Some more international MPs

I just did blog entries about MPs from Iceland (via Oregon) and Norfolk in the UK. I thought I’d write about a few more international ones.

There’s a “coronial inquiry” (not sure what that is; the equivalent of an American grand jury investigation maybe?) going on, investigating the disappearance of Linda Davie. She was born in New Zealand, but living in Sydney, Australia when she went missing. On April 6, 1980 she went to visit her boyfriend, who was hospitalized, and this was the last time anyone saw her. A few days later he got a letter saying she was going away for a few days but would return and visit him again. She never resurfaced, and she left all her stuff behind at her apartment.

Also in Australia, they’re investigating a new lead in the disappearance of 14-year-old Eve Askew, who vanished from Tasmania on November 17, 1991. The cops have released a sketch of a person of interest in her case. Eve has a pretty distinctive appearance: in addition to flaming-red hair, she’s got unusual thumbs that apparently look like they were pushed down and never grew back up. Sadly, according to this article Eve’s parents are both dead now (a car accident in 1996) and, of her five three siblings (she is the youngest), her two brothers and one sister are estranged. The sister and one of the brothers still live in Australia, but the other brother lives in the UK now and they all haven’t spoken to each other in years. You might view it as another lottery family here.

In East Yorkshire, UK, the cops are re-investigating the disappearance of Russell Bohling on March 2, 2010. He was 18 when he vanished and his car was later found abandoned on a clifftop. His family attempted (without success) to file a lawsuit against the police, saying they had botched the investigation. The Daily Mail said Russell’s parents had given him £300,000 (that’s around $463,000 in American money) to help him start his own company, and they are afraid he was killed over the money.

Many of you have probably heard of Jakadrien Turner, a 14-year-old runaway (not on Charley) who was mistakenly deported to Colombia. After she ran away she was arrested and gave a false name, Tika Cortez. Unfortunately, Tika Cortez turned out to be a real person, a 22-year-old illegal immigrant from Colombia with outstanding criminal charges. Jakadrien, who never ‘fessed up to the truth, was put on the next plane to Colombia, found a job, stayed there nearly a year, and got pregnant. Eventually her searching grandmother found her on Facebook. ICE is still trying to sort it out; Jakadrien was fingerprinted before she was deported, and this should have proved her identity, or at least proved that she wasn’t the person she claimed she was. Also, she’s black and doesn’t speak Spanish.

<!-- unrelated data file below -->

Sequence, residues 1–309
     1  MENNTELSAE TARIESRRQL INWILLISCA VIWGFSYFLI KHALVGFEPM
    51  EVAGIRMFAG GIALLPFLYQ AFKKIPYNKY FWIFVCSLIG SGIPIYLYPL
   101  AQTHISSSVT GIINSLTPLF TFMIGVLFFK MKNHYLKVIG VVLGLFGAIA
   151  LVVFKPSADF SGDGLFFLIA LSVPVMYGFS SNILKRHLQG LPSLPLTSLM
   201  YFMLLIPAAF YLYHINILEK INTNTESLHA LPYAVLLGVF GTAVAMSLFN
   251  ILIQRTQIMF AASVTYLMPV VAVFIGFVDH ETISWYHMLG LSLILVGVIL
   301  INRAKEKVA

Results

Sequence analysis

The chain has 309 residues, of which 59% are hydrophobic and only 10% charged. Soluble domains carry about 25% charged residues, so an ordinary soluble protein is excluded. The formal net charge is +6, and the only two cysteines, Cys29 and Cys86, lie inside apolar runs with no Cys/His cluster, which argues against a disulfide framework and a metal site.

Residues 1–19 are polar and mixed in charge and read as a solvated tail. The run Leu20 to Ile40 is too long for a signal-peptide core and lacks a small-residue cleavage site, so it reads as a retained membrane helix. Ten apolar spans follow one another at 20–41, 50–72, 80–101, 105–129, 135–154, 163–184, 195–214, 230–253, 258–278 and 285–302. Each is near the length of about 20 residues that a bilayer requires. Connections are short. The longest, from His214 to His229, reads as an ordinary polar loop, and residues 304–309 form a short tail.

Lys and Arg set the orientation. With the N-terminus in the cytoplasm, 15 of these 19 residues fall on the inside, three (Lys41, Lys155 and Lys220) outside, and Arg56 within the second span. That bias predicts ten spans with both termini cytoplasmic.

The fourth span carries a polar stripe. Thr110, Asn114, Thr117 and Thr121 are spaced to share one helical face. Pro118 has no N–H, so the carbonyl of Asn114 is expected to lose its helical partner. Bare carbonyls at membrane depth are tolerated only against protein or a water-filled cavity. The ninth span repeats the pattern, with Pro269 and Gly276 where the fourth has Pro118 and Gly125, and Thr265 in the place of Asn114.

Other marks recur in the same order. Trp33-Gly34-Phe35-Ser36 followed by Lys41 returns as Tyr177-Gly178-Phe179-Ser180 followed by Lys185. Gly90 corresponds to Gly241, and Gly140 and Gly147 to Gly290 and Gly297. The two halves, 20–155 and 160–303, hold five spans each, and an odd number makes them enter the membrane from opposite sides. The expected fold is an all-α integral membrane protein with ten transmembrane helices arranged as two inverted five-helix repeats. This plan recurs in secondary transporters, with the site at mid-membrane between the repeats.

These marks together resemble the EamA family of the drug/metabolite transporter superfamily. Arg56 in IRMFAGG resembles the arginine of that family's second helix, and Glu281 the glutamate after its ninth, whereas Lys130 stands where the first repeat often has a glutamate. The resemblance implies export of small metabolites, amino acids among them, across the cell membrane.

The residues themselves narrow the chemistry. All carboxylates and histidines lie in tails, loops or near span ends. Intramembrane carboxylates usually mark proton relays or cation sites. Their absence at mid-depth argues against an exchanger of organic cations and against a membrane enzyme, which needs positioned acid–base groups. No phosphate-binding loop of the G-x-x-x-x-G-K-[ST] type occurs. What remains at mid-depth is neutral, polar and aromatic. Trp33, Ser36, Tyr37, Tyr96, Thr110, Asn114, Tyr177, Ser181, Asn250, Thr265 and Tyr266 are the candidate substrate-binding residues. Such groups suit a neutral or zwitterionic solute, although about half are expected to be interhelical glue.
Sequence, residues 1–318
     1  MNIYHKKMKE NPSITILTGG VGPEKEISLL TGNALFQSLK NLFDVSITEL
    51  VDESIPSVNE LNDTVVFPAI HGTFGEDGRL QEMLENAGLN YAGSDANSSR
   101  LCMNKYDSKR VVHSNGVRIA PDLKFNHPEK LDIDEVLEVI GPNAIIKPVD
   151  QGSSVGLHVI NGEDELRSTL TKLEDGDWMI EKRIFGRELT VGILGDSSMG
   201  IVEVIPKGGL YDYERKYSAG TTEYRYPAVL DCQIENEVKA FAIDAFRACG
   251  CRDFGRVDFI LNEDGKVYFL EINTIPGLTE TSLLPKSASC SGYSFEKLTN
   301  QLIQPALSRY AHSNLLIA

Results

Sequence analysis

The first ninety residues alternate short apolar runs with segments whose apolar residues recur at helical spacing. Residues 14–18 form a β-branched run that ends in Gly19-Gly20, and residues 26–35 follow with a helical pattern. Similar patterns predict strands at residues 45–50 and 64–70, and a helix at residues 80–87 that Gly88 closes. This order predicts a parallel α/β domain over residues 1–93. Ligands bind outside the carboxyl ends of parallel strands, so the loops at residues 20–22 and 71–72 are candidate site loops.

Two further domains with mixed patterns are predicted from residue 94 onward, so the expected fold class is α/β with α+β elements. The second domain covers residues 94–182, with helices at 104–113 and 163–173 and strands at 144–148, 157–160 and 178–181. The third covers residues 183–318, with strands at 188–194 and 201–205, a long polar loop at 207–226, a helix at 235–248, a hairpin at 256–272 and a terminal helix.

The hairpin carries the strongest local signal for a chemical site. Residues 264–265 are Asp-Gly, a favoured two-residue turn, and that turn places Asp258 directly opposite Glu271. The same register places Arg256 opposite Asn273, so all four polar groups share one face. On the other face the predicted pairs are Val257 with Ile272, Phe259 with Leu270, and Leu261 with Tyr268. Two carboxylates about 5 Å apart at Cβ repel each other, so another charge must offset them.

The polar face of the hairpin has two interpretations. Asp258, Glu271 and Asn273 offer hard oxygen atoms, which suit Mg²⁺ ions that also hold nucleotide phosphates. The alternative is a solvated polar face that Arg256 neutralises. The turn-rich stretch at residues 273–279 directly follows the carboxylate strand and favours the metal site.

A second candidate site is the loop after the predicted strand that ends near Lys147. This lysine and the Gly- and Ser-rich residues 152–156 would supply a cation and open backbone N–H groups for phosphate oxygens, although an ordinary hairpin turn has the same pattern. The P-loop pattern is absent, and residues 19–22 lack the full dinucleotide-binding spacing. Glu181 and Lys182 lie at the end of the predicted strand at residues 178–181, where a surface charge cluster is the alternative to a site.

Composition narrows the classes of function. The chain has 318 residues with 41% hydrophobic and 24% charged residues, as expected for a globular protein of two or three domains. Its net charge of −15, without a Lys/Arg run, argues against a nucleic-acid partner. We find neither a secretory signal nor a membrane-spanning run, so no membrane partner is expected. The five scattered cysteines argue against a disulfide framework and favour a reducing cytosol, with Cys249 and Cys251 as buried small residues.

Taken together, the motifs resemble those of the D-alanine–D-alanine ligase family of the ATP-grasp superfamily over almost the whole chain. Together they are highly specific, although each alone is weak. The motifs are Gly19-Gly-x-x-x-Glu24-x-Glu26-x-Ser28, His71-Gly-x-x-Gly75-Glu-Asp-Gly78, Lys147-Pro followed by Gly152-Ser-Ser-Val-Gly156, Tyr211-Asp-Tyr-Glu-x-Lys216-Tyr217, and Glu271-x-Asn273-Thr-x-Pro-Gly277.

Well, now Jakadrien is back in the US (CNN; MSNBC; WFAA-TV; Fox News) and has been reunited with her family. A lot of people are making nasty remarks directed at both sides: stupid ICE for screwing up, stupid girl for running away and lying etc. What I wonder is this: what was she running from that was so terrible that she was willing to get herself deported to a third-world country to stay away? I have never heard of anything like this, although I know of another runaway girl, the American-born child of Polish immigrants, who was ALMOST deported to Poland before she admitted to her true identity and was returned to her family.

In Australia, an eight-year-old girl who disappeared along with sex offender Augustine Winter Miller was found alive (along with Miller) in the outback several days after they went missing. Unfortunately, the child (unnamed in the press reports) was very dehydrated when she was found — as might be expected, given that she’d spent several days in the Australian Outback smack in midsummer. She was in such poor condition when the rescuers located her that she died only a short time later.

It’s not really clear whether there was any foul play involved in this. Miller, whose sex offense was a consensual relationship with a 14-year-old girl, had permission to take the child on a hunting trip. (The woman who had custody of the girl was his live-in girlfriend. Some articles say the custodial carer was a relative, but this one says she wasn’t a blood relation) Maybe he intentionally “got lost” so he could harm the child in his care, but it sounds like they were just on a real hunting trip and really got lost. Miller was also in pretty poor shape when they were found and had to be hospitalized. He has been charged with possessing an unlicensed firearm and is now out on bail as the case is under investigation. This article has a picture of him. Miller says he is afraid for his life because he thinks the girl’s relatives might attack him.